Very ordinary book, reminded me so much of The Magnolia League it felt like deja vu, and unexceptional in every way. Too many plot holes, including how the girls were never carded, never mentioned fake IDs, never explained how no one noticed Olivia lived alone... too much nonsense to type out.
A pandemic on an island, the government shuts it off, and survivors struggle.
I liked it, but it had too many plot holes, and not much of a resolution.
In a future where humans have achieved universal material comfort, celebrity or major talents are the only way to stand out. At a special school for teens who may prove exceptional, Susan and a group of friends are looking for a way to stand out. Susan's best friend Fleeta has already burned out on a drug called happistuff, and Susan is trying to angle for recognition points by dating Derlock, a rising celebrity.
The group finds a chance to achieve what would be epic fame, by stowing away on a Mars-bound spaceflight, only to discover that Derlock is a sociopath, and that the rest of them have more skills than they ever thought.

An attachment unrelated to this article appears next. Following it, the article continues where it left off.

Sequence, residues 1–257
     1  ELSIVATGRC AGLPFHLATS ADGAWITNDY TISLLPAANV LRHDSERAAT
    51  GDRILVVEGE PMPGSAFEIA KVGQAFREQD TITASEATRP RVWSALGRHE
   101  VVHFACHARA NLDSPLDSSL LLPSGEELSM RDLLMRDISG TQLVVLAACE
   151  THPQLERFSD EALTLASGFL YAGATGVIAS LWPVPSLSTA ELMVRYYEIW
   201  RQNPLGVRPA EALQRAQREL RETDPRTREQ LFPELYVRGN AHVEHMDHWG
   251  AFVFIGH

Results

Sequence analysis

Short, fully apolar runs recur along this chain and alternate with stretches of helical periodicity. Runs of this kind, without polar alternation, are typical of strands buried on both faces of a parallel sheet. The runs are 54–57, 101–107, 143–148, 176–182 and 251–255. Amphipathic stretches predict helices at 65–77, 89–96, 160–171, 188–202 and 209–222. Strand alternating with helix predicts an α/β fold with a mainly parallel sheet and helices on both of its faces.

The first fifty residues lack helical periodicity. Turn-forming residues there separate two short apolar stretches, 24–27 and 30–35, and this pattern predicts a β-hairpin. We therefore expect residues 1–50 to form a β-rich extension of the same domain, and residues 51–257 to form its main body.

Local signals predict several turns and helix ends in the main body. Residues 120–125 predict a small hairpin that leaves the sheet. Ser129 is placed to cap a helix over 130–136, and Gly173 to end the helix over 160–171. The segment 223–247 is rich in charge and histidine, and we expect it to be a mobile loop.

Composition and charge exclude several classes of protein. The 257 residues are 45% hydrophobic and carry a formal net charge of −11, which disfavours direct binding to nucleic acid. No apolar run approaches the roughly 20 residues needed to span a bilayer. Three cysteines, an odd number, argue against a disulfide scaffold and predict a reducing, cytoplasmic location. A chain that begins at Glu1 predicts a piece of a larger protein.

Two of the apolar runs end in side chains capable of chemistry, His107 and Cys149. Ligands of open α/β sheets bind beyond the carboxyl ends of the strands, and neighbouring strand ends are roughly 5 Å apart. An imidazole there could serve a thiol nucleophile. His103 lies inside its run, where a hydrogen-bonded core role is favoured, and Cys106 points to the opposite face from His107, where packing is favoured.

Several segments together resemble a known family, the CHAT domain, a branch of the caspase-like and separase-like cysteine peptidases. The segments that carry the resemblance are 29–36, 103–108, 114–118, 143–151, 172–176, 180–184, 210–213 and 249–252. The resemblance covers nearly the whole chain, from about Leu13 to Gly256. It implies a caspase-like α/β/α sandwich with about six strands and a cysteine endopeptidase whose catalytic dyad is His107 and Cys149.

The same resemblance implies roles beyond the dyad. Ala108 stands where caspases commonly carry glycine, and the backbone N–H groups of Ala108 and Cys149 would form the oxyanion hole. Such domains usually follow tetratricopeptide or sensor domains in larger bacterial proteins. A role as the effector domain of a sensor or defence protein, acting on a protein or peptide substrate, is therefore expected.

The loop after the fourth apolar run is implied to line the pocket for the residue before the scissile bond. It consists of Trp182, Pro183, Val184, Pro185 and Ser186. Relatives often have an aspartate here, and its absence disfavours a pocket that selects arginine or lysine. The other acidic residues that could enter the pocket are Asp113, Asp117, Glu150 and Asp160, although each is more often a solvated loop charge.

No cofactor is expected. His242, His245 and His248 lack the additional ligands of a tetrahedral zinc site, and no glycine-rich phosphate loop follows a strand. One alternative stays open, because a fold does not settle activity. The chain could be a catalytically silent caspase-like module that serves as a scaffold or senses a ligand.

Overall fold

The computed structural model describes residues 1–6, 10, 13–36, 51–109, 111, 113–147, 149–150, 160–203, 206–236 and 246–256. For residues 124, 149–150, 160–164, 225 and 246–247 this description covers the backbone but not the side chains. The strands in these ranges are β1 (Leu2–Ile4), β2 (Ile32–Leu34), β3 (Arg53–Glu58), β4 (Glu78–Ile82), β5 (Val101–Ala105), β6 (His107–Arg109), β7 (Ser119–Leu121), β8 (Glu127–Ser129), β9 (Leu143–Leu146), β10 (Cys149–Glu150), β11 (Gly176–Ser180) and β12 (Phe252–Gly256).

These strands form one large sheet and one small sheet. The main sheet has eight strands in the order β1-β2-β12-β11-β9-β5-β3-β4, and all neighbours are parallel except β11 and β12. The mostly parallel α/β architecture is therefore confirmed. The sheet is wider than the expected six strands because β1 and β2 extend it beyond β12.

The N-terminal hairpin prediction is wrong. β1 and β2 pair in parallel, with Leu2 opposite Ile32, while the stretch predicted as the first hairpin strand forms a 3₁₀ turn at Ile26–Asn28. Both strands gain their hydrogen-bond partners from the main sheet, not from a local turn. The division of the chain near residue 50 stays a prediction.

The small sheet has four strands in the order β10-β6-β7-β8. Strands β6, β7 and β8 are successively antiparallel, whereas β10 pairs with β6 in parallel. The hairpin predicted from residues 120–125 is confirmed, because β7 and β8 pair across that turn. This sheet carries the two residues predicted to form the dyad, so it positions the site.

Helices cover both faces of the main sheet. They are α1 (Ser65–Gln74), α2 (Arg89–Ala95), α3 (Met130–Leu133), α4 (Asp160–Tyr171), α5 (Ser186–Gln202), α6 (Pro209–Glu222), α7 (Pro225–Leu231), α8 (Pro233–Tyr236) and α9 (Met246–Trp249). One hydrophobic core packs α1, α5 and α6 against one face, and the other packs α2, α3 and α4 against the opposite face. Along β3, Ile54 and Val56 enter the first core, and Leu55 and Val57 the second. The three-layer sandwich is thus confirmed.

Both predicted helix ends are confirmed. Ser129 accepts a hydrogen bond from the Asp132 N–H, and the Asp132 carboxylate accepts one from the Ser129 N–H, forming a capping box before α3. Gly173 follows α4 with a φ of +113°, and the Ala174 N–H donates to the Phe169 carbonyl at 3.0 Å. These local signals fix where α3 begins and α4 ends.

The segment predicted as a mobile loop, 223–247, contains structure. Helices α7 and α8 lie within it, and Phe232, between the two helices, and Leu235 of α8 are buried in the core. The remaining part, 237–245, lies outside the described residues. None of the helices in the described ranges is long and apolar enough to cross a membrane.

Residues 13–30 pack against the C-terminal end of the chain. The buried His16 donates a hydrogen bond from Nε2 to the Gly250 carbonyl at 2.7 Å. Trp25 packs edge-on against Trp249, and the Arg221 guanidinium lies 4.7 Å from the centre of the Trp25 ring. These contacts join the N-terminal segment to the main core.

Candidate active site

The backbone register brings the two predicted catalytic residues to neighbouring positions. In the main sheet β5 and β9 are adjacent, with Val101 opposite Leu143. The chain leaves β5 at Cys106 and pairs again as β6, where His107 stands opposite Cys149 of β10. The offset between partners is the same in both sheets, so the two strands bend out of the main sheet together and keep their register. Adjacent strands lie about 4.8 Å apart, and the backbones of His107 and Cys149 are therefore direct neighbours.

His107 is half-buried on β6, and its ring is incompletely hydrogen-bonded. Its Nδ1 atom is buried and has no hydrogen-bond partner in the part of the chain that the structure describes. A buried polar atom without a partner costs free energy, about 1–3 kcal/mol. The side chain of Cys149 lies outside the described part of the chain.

This was such a good read, and I REALLY loved the Notes For The Interested, a great way to give the math behind the plot without endless adult-style exposition- the reader has the option to just read the adventure, or to read the adventure and also the Notes and gain some interesting knowledge.
Lida, Jules, Boone, and Gia are all at the Alice Marshall School for different reasons, and they are pretty well developed characters. I'm still not totally sold on Lida and Jules reasons for being there, but hey, fiction is all about suspending disbelief, and it worked for the book.
I know that these Purity Balls really do happen, but it is so far from my experience that I have no idea how realistic this book was. I don't think they do them in Rhode Island, lol!
Shelby is struggling to keep the promises she made to her dying mother, but when her father wants her to participate in the Princess Ball, she worries that her promises she made her mother will counteract the vows she is supposed to make to her father about living a pure life. She figures out, with the help of her best friend Jonas, that the thing to do is to break the purity vows before the ball, so she won't be lying (???)
So Shelby starts to look for a guy to have sex with, completely overlooking Jonas, who is so obviously in love with her...
Ugh. I don't know.
The ending was kind of silly- a real John Hughes moment, but unrealistic.
Tuesday, April 17, 2012
Monday, April 16, 2012
Monday, April 9, 2012